Is the UK more concerned about terrorist rights than fighting terrorism?
It is a disclosure that makes one want to say "so what." The two that were captured in Iraq were part of an international effort of Islamic religious bigots trying to defeat our war efforts in Iraq and elsewhere. Turing them over for questioning seems the most rational thing to do. Not doing so would be inexplicable. Those in the UK who have this perverse belief that questioning the enemy about his operations and plans is something wrong are just weird and dangerous to themselves and others. These people need to get a grip and get serious about fighting this war against a wicked enemy.
The British Government admitted for the first time yesterday that it had been involved in "extraordinary rendition". The Defence Secretary John Hutton disclosed that terror suspects handed over to the US in Iraq were flown out of the country for interrogation.
Contradicting previous insistences by the Government that it had no played no part in the controversial practice, John Hutton revealed that details of the cases were known by officials and detailed in documents sent to two cabinet members at the time – Home Secretary Charles Clarke and Foreign Secretary Jack Straw.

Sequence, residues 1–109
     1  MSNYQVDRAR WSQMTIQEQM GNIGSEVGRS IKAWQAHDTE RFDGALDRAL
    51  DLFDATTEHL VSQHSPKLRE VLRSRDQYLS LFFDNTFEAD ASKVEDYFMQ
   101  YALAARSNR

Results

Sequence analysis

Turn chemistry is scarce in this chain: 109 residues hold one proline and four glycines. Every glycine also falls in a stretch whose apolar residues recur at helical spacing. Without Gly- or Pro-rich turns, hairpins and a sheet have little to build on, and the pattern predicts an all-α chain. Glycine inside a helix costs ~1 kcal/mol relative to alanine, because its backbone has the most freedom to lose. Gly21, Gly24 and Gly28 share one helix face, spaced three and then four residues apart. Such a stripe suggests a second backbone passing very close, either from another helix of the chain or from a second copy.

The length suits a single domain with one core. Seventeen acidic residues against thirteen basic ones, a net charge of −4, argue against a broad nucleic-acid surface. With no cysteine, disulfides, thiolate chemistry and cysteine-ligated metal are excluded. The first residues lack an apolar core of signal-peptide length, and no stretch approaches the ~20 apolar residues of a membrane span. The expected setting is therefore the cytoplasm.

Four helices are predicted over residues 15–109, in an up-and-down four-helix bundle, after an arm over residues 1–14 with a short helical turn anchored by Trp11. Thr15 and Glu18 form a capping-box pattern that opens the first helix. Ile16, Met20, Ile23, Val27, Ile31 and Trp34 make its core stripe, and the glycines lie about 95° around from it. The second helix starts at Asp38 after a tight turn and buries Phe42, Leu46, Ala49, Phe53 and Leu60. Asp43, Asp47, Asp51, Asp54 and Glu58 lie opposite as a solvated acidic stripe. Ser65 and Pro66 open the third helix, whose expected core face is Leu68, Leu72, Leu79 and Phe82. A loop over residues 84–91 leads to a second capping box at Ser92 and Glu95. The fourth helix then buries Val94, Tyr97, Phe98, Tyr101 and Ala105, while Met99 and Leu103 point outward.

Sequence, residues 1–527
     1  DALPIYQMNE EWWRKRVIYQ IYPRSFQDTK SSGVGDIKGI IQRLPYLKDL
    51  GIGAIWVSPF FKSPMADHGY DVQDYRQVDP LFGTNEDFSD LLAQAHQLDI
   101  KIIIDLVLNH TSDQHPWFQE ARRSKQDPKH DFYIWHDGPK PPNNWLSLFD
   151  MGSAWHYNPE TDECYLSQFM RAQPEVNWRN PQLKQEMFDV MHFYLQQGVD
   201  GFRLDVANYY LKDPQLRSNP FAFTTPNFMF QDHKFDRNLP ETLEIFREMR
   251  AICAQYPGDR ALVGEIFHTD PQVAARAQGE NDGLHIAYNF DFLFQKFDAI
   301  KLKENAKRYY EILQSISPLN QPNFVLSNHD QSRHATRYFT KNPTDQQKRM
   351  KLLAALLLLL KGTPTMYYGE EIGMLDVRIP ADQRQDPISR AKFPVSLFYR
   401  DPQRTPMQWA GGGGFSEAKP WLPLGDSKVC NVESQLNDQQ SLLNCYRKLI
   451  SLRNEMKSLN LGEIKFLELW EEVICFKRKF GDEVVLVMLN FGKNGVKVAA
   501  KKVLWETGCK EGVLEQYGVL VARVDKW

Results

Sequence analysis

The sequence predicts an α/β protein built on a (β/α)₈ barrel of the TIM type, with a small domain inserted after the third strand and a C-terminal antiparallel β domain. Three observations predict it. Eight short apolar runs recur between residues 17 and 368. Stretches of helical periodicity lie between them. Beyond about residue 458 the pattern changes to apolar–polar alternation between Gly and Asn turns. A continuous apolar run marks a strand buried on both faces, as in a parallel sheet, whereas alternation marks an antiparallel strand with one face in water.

The prisoners, two men of Pakistani origin who were members of the Lashkar-e-Toiba group, which is said to be affiliated to al-Qa'ida, were captured by SAS troops serving alongside the Americans near Baghdad in February 2004. They were handed over to US custody and flown to Afghanistan within the next few months. Among other inmates who passed through the prison was Binyam Mohammed, the UK citizen recently freed from Guantanamo Bay.
Mr Hutton apologised to the Commons "unreservedly" for misleading statements made by the Government in the past, adding "in retrospect, it is clear to me that the transfer to Afghanistan of these two individuals should have been questioned at the time".